I Have Found a Flaw


“I Have Found a Flaw.”

When the history of our age is written and people have recaptured their world and their peace from sociopaths now running the world, these words of Alan Greenspan will mark the age.

Greenspan, the former Chair of the United States Federal Reserve Board, was admitting his lifelong ideology was wrong. He was admitting markets are not self-regulating, despite his economics textbooks saying so. He was admitting his Ayn Rand religion that the role of government in society should be minimal was wrong. Congratulations to him for honesty.

This article by Nobel Prize Winner, economist Joseph Stiglitz tells us more.

Stiglitz: “In 1987 the Reagan administration decided to remove Paul Volcker as chairman of the Federal Reserve Board and appoint Alan Greenspan in his place. Volcker had done what central bankers are supposed to do. On his watch, inflation had been brought down from more than 11 percent to under 4 percent. In the world of central banking, that should have earned him a grade of A+++ and assured his re-appointment. But Volcker also understood that financial markets need to be regulated. Reagan wanted someone who did not believe any such thing, and he found him in a devotee of the objectivist philosopher and free-market zealot Ayn Rand.”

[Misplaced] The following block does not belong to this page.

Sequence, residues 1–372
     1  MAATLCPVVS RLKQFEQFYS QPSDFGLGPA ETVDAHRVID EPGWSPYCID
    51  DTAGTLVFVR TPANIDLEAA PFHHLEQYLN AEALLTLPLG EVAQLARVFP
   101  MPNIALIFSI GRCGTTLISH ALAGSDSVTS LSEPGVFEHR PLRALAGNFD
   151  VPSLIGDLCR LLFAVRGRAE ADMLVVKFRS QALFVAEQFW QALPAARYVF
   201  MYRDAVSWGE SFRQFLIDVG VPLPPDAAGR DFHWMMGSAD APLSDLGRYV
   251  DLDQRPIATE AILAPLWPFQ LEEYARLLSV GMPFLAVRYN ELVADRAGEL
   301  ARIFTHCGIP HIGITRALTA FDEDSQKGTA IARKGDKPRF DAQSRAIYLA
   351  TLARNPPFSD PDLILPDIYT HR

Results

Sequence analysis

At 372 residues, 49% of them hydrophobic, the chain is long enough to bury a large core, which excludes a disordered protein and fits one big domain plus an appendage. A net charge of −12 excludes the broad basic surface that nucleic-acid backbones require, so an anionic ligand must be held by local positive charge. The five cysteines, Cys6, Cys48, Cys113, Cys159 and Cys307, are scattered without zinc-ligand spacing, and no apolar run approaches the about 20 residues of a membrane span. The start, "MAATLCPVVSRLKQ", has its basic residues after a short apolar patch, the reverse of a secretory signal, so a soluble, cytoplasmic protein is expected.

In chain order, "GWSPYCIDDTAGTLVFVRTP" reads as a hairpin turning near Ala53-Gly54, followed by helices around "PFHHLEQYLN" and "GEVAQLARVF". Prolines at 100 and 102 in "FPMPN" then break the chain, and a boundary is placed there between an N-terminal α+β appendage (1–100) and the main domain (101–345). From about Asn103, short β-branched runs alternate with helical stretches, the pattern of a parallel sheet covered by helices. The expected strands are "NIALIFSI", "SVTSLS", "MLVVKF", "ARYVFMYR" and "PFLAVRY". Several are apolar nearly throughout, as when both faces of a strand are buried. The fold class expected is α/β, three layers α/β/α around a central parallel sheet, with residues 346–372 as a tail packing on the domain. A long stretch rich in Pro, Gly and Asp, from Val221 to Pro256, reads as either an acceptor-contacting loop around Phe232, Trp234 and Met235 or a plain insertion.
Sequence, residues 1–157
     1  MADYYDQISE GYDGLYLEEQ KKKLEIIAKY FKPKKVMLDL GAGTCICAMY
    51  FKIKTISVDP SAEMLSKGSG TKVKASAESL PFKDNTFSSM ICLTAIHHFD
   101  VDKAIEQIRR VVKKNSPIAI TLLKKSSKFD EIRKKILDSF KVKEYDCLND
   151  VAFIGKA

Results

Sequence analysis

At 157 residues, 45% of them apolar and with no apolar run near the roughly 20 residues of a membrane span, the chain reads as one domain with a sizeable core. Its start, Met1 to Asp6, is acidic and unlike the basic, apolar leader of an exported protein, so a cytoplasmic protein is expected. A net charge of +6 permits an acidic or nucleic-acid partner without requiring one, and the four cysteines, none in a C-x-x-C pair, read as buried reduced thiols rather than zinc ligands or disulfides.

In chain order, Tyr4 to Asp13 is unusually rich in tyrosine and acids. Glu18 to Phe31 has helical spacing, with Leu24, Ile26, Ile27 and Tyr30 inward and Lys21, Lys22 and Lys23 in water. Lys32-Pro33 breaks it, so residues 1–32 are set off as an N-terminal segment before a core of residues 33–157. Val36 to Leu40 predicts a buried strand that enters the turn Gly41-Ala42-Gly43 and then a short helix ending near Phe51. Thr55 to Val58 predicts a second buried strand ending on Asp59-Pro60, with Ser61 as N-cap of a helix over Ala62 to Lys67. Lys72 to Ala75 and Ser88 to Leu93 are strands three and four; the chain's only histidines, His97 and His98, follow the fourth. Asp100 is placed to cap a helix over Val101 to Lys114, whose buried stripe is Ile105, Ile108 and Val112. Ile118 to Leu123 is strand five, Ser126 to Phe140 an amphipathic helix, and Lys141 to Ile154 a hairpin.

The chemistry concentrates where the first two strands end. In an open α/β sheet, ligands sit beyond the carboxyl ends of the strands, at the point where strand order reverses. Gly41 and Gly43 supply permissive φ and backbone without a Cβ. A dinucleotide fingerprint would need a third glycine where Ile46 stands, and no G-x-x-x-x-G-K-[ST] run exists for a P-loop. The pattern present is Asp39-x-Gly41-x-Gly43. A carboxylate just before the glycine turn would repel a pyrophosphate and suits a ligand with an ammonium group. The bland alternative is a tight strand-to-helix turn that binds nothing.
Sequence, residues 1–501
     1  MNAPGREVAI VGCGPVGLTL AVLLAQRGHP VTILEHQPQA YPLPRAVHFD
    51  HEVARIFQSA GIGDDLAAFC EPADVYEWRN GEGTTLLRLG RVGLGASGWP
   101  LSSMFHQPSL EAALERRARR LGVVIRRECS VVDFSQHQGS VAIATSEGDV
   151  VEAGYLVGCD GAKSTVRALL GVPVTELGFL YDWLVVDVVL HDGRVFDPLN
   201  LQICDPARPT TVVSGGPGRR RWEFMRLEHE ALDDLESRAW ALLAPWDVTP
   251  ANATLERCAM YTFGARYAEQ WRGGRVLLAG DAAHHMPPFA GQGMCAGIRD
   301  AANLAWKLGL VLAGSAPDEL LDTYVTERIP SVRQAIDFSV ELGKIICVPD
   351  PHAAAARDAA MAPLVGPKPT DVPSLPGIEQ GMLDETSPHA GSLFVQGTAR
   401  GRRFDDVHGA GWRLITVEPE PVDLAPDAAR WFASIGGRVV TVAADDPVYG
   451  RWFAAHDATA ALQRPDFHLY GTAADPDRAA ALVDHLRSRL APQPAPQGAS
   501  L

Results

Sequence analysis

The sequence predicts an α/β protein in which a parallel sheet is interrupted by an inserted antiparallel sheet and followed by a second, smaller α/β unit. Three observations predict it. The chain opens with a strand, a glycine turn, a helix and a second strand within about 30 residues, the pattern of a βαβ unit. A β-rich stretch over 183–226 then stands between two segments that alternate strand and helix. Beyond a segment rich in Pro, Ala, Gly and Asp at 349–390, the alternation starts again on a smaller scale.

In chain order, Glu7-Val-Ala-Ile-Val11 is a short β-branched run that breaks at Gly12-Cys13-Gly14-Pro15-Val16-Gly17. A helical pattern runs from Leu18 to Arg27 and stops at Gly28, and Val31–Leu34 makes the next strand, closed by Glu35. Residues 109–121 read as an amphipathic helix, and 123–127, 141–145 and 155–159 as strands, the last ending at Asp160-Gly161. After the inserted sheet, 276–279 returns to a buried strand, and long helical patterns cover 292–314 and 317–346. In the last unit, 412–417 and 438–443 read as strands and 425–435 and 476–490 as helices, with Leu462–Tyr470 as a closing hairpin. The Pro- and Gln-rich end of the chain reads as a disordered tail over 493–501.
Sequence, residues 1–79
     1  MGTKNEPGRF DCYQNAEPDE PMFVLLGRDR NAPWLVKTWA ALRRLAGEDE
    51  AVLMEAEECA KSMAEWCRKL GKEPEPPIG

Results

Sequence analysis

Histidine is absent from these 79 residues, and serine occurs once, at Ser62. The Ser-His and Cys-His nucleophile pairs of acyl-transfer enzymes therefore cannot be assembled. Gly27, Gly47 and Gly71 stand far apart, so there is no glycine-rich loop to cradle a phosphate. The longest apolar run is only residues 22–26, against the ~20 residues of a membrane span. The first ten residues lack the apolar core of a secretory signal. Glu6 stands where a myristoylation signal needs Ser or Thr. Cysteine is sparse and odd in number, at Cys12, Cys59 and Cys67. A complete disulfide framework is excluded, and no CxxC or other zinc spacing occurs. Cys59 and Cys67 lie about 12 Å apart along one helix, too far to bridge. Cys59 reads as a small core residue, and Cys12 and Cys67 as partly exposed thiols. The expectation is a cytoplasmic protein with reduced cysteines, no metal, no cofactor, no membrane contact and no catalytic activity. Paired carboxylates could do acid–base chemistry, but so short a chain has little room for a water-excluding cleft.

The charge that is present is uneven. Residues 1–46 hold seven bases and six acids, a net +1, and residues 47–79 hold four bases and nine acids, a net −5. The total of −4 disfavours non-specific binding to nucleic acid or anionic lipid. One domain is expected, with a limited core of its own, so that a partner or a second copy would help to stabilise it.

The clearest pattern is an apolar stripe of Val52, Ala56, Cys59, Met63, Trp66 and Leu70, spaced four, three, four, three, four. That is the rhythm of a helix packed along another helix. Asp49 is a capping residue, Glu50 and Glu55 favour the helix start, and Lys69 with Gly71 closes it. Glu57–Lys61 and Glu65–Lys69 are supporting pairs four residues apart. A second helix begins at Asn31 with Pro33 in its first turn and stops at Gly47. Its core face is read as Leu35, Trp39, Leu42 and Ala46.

“In November 1999, Congress repealed the Glass-Steagall Act—the culmination of a $300 million lobbying effort by the banking and financial-services industries, and spearheaded in Congress by Senator Phil Gramm. Glass-Steagall had long separated commercial banks (which lend money) and investment banks (which organize the sale of bonds and equities); it had been enacted in the aftermath of the Great Depression and was meant to curb the excesses of that era, including grave conflicts of interest. For instance, without separation, if a company whose shares had been issued by an investment bank, with its strong endorsement, got into trouble, wouldn’t its commercial arm, if it had one, feel pressure to lend it money, perhaps unwisely?”

“Self-regulation is preposterous, as even Alan Greenspan now concedes”